Urbex: Strawberry Fields Forever | Warsaw Insider
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You’ve got to be pretty thick to lose yourself on the way from Warsaw to Modlin, but should ever you do so then you’ve... Urbex: Strawberry Fields Forever

A stone’s throw from Modlin, a humungous strawberry is all that remains of what once looked set to become the world’s biggest strawberry farm…

Urbex: Strawberry Fields Forever Urbex: Strawberry Fields Forever

You’ve got to be pretty thick to lose yourself on the way from Warsaw to Modlin, but should ever you do so then you’ve a fighting chance of finding yourself confronted with one of the wackiest sites in the Mazowiecki region. Yep, I bet you didn’t expect to see a giant strawberry lying on its side by the edge of the road.

Seen as a cult attraction by urbex photographers and selfie-seeking Instagrammers, the ten-meter strawberry is all that remains of an operation that once harbored ambitions to become the largest strawberry producer on the planet. Set on the fringes of a village called Wierzbica, Sadpol was founded by Janusz Glinicki in those early, wild years of the post-Communist transformation.

Specializing in strawberries, Glinicki’s farm grew to cover between 400 and 750 hectares (depending on which source you choose to believe) and employed, at its peak, over 1,000 people. Without a doubt, it became one of the most significant strawberry farms in the world, with exports reaching the furthest corners of Europe.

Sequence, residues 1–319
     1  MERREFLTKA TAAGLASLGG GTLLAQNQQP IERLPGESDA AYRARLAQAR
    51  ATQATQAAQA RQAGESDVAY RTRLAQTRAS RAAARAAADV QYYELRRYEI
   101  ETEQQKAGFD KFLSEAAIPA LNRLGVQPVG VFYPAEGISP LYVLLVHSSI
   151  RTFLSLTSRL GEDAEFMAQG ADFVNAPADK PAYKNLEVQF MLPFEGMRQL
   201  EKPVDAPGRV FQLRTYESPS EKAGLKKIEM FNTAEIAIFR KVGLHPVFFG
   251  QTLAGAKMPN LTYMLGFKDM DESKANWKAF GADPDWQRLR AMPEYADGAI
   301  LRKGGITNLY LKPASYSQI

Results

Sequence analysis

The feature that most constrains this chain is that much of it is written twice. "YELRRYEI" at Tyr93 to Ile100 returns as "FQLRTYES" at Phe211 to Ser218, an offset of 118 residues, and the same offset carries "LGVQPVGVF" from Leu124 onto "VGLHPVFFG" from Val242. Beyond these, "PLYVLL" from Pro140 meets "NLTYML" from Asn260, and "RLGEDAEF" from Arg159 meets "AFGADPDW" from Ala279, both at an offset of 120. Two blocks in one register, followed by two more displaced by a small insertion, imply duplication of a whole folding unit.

But behind the scenes, all was not well. Hit by cheap competition from Spain and, even, waves of cut-price frozen produce from China, Glinicki’s strawberry business found itself floundering – so bad was the situation, he made news in 2007 after taking his protest all the way to the EU’s nerve center in Brussels. Yet worse was to follow.

Despite paying wages of PLN 100 per day, as the years marched on Glinicki found himself facing chronic labor shortages. Bussing in workers from 60-kilometers away, the strawberry magnate bitterly complained that the locals no longer wanted to graft for a living despite a regional unemployment rate of over 16%.

Faced with a rapidly shrinking workforce, he found his strawberry kingdom falling apart. Forced instead to branch into more profitable areas of farming, Glinicki’s strawberry operation fell into ruin.

Today, all that survives is a giant foam and metal strawberry that once marked the entrance to his farm. Falling off its pedestal many years back, the fruity monument is a bizarre throwback to brighter times, not to mention a striking reminder of those optimistic days that followed the collapse of the Iron Curtain.

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